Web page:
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fuse was located. Under a metal cover that covers part of the main game power supply, there are two fuses. One of them is for the in- ternal auxiliary 120VAC power inside the game. It was a non-explosive (ce- ramic type) fuse so you couldn’t see if it was bad by looking at it; a multi-meter would have to be used. It was faster to just toss in a new fuse. I really don’t know why the fuse blew but after it was replaced, it was fine. Simply a blown fuse that is located in the main game power supply is why I did not have any 120VAC auxiliary power.

IGT AVP 3.0 “Board Monitor Tilt” Voltage Out of Range

I’ve run into “board monitor tilts” on AVPs before that were repaired by replacing the video card. If the video card cooling fan is OK, then it may have another prob- lem. We recently had an AVP 3.0 that had a “board monitor tilt” voltage out of range, but it was only a “soft tilt” where the game did not lock up because of it. When the main slot door was open or when the reset key was used, the error would appear. A co-worker made a phone call and had a possible solution. Located about in the middle of the game, a small square board with a few connectors on it, is called a “power distribu- tion board.” Power the game off, disconnect all of the connectors from it (a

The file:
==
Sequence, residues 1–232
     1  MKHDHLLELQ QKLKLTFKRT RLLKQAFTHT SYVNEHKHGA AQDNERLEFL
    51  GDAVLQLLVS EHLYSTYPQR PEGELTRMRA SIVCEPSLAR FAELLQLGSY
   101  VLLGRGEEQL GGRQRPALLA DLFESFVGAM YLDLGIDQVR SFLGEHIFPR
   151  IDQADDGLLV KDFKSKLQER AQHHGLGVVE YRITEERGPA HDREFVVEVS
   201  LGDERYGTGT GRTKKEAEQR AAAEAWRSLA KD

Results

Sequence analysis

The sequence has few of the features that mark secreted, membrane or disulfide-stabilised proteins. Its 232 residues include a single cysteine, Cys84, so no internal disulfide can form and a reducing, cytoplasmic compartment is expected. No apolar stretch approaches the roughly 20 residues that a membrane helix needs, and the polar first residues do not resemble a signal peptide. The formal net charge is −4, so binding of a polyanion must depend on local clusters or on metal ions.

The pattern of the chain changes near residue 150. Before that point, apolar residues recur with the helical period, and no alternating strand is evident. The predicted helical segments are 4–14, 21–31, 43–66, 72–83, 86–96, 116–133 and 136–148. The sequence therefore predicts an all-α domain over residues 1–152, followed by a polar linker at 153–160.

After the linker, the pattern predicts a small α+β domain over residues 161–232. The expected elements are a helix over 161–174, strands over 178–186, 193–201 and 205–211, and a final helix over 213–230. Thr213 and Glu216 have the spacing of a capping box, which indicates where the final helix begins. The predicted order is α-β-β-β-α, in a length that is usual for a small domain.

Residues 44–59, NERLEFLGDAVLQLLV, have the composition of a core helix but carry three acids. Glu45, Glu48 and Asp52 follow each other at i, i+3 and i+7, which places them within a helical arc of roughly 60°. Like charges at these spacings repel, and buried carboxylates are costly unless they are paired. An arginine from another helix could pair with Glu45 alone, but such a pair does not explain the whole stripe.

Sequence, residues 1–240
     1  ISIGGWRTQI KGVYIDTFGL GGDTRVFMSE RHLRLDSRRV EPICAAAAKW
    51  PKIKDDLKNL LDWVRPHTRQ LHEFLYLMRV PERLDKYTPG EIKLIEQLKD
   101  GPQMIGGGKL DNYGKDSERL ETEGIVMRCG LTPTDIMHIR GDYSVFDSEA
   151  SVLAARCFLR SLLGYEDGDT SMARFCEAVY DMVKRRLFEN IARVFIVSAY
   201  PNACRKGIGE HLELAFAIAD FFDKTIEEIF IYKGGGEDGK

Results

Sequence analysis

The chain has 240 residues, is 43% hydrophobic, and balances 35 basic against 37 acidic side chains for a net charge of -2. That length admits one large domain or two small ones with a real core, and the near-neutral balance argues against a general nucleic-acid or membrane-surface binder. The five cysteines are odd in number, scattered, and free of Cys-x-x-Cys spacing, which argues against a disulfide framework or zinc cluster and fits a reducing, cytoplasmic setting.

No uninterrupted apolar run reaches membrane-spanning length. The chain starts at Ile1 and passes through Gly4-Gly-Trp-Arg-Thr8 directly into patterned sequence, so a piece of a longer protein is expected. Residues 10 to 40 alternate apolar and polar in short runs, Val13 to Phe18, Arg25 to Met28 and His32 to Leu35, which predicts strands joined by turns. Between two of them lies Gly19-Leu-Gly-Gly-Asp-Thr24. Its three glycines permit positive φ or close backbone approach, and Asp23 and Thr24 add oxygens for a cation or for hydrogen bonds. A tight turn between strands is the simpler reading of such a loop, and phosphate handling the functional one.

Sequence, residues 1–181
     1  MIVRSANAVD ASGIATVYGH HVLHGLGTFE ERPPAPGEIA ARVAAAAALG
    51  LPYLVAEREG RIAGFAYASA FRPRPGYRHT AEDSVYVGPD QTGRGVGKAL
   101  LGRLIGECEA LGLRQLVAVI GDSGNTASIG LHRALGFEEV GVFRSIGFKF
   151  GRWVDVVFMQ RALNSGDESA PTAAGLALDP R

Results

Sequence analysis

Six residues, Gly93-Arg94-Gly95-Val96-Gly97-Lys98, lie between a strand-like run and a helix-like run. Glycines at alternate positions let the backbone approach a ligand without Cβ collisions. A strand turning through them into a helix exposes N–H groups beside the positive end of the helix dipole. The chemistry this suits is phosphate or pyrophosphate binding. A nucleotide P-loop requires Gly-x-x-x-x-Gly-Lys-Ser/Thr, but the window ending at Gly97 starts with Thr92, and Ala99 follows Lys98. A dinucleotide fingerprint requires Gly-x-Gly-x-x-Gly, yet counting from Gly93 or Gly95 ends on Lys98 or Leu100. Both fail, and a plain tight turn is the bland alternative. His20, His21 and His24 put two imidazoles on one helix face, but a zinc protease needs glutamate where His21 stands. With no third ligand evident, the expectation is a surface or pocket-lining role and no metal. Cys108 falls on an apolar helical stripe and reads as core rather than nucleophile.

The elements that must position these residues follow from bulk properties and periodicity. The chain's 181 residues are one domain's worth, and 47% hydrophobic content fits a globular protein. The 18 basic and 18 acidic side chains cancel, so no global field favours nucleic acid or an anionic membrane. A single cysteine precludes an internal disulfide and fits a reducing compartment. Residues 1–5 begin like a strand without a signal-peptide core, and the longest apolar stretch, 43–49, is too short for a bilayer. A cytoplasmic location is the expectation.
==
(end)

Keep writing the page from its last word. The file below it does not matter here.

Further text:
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couple of them go to the brain box) then simply reconnect them. Power up the game and the tilt should go away. From what I was told, the theory is the game monitors all of the game backup battery volt- ages to see if they are within acceptable range. When disconnecting the cables, a reset takes place. Of course if the tilt does appear again or appear again later in the shift, a battery could have gotten weak and may need to be replaced.

IGT “Game King” Set-Up Challenge

Well, it was a challenge to me anyway. We have a popular bank of Game Kings, muti-game, muti- denomination and one of them was shut off. Lately we have been doing pretty darn good holding ALL 1,335 games up and run- ning (some days better than others). This particu- lar game had been RAM cleared and needed to be setup and optioned. The interesting part, one Game King cabinet has 34 differ- ent games with six different denominations in it. No its not a typo. One Game King machine with 34 different games and six different denominations. The de- nominations included 1cent, 2 cent, 5 cent, 10 cent, 20 cent, and 25 cent. Some of the games were Texas Tea, Super 8 Line, Jacks or Better, Bonus Poker, Double Bonus

Slot Tech Magazine

Poker, Keno, Caveman Keno, and even Black Jack. I admit I was a little ner- vous. I don’t consider my- self much of a slot software guy or setup tech, even though I do it once in a great while. Luckily I had co-workers at my disposal if I had any questions, which I did. With the set up sheet in hand, I was ready to give it a whirl. The game was “key chipped” with number 28. I thought it would be number 37 but it wasn’t. When key chip 37 was installed and the game was turned on, nothing ap- peared on the screen after a few seconds. So after the correct chip was used and the “boot chip” was put back in it was time to turn the game power back on. Now that I was in the “key chip” menu in which I

December 2011

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